This movie has more walking in it than all three Lord of the Rings movies combined. Christ, the movie Fast Walking didn’t have this much walking in it. Honestly, this flick should’ve just been called Walking: The Movie. Overall, it’s kinda like Predator with more extras, less action, and no alien.
Thankfully, there is SOME action in the movie, although it’s weighted towards the end of the flick. Director Antoine (King Arthur) Fuqua films the action rather indifferently though. Bruce and his boys fire on the bad guys (they’re “rebels” but no attempt is ever given to explain their “cause”) and they fire back; but that’s about it. Stuff does blow up and people do get mowed down; although it’s not like; you know, impressive or ass-kicking or anything.
On top of that, there are exactly zero surprises in this movie. You know Bruce will shed his macho side and have a heart eventually. You know Bruce’s teammates are going to be pissed about their new mission but will still back him because he’s their boy and all. You know when the one sniper guy on Bruce’s team goes ahead to check things out, he’s gonna get shot.
Bruce does what he can, although all the script allows him to do is act dour and glum for the most part. Plus, he’s basically a dick. He disobeys a direct order and winds up getting a lot of his men killed; all because he had to get a hot piece of ass out of the jungle. I know we’ve all made mistakes in the name of helping a hot chick, but I never got my buddies killed over one. It would be different if he actually tapped that ass but Monica is strictly one of those chaste Christian doctors, so the words “missionary position” just doesn’t have the same meaning to her.
And our final Willis flick is the pitiful…
THE WHOLE TEN YARDS (2004) *
The reason The Whole Nine Yards was a tolerable Mob comedy was because Bruce Willis was pretty funny and Amanda Peet had one of the greatest nude scenes of all time. Okay, who am I kidding; it was mostly tolerable because Amanda Peet had one of the greatest nude scenes of all time. Well, she doesn’t get naked in this one, so what the Hell was the goddamned point?
This lame ass sequel picks up with Bruce living with Peet in Mexico. He’s trying to turn her into a hitwoman, and naturally she keeps fucking up. Kevin Pollack is this old Hungarian gangster who kidnaps Matthew Perry’s wife (Natasha Henstridge), who you’ll remember used to be married to Willis. Perry teams up with Willis to get her back. Alleged hilarity ensues.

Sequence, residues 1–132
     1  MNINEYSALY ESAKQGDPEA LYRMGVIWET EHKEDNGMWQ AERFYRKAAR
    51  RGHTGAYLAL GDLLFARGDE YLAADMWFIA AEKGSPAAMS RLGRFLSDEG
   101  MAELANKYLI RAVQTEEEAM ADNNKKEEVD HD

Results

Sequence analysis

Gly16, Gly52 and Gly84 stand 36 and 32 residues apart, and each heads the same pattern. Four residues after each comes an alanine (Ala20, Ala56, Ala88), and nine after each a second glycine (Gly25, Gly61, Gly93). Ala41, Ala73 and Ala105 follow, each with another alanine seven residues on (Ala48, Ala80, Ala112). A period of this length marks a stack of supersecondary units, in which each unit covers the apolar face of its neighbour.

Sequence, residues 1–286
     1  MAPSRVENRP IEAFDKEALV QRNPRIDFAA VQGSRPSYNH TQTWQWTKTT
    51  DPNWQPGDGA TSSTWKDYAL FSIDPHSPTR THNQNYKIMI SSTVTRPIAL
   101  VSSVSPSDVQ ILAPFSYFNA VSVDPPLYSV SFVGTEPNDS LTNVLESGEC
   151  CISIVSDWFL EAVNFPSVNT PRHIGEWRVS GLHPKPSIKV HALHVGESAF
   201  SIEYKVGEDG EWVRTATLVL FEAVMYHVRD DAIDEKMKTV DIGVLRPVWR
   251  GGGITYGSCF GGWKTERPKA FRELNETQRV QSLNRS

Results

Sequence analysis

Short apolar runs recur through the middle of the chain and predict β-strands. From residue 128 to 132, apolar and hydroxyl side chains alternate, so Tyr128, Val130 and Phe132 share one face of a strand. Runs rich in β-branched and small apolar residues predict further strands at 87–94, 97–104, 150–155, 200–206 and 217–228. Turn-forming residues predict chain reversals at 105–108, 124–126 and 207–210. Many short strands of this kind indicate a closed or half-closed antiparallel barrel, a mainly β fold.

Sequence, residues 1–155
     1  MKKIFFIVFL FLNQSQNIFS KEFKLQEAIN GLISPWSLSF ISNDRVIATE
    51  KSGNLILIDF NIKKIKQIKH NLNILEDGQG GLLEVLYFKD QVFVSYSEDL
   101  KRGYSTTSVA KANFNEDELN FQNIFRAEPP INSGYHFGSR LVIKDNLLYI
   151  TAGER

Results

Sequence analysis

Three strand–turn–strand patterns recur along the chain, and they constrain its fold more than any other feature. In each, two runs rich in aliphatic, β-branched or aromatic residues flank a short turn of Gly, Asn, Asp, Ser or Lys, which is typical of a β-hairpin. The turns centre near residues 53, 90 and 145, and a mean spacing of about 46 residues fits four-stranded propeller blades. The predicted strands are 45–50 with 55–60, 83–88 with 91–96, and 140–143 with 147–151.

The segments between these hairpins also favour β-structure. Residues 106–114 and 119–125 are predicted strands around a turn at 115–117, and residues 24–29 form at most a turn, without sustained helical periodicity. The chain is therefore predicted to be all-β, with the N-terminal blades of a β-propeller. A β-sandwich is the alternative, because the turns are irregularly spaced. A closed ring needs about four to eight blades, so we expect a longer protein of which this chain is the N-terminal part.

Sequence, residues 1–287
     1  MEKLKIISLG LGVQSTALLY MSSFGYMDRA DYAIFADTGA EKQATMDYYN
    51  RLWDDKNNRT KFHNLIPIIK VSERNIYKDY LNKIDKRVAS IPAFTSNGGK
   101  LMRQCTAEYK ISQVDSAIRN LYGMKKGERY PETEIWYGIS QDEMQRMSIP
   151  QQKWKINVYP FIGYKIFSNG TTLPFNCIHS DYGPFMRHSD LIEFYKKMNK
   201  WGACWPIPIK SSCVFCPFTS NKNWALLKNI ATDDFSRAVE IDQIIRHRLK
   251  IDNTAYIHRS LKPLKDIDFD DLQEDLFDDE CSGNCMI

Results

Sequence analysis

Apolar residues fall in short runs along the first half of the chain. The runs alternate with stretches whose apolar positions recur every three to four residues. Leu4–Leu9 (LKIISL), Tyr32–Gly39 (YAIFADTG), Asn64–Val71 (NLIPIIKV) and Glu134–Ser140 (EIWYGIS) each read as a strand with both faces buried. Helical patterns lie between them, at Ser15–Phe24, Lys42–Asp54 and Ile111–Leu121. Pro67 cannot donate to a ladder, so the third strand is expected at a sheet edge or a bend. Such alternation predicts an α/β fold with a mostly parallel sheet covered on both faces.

The Whole Ten Yards is a movie filled to the brim with bad ideas. Like having Kevin Pollack play a gangster with a funny accent. He’s usually a pretty funny guy, but covering him in awful old age make-up and making him talk in a silly accent was a bad idea. Or the early scenes where Bruce wears a stupid hippie wig and apron while he does housework. Are we supposed to automatically think it’s funny that the usually macho Bruce is wearing an apron and doing housework? That’s this movie’s idea of a “joke” folks. Again, bad idea. Or giving Willis pet chickens. Seriously, if you wanted a comic relief pet, there are about a hundred other animals that would be funnier than a chicken. And the way Willis cries when one of then gets run over by a car is well… I don’t want to bring up such painful memories; especially when the mental scars haven’t healed yet.
Even the title was a bad idea. The Whole Ten Yards is just a stupid title. Why not just call it The Whole Nine Yards 2? Because The Whole Ten Yards just sounds a heck of a lot more stupid that’s why.
There is not one laugh in this movie. It’s a total train wreck from start to finish. Just when you think it can’t get any worse, Pollack’s farting grandmother shows up. Yes, there’s a farting grandmother in this movie and no, she isn’t funny.
Willis has made some bad movies in his time like Unbreakable and Color of Night and while this one doesn’t quite stink as bad as those did, it’s definitely among his worst. He seems to be on autopilot here. I don’t know if he’s not trying or what, but his lack of enthusiasm for the project certainly shows. Perry acts like a total spaz and all of his blustering and flustering isn’t funny at all. Henstridge is thoroughly wasted as all she does is sit around tied to a chair while Pollack hoots and hollers. And again, Peet doesn’t get naked. There is one scene where she takes her top off but they only show her back. What a fucking rip-off.
Next time on Legends of the Silver Screen, we’ll profile yet another star of The Expendables. That’s right, we’re talking about Jet Li; and it’s going to be a super-sized mega movie marathon too. So see you all next time for Jet Li-A-Palooza.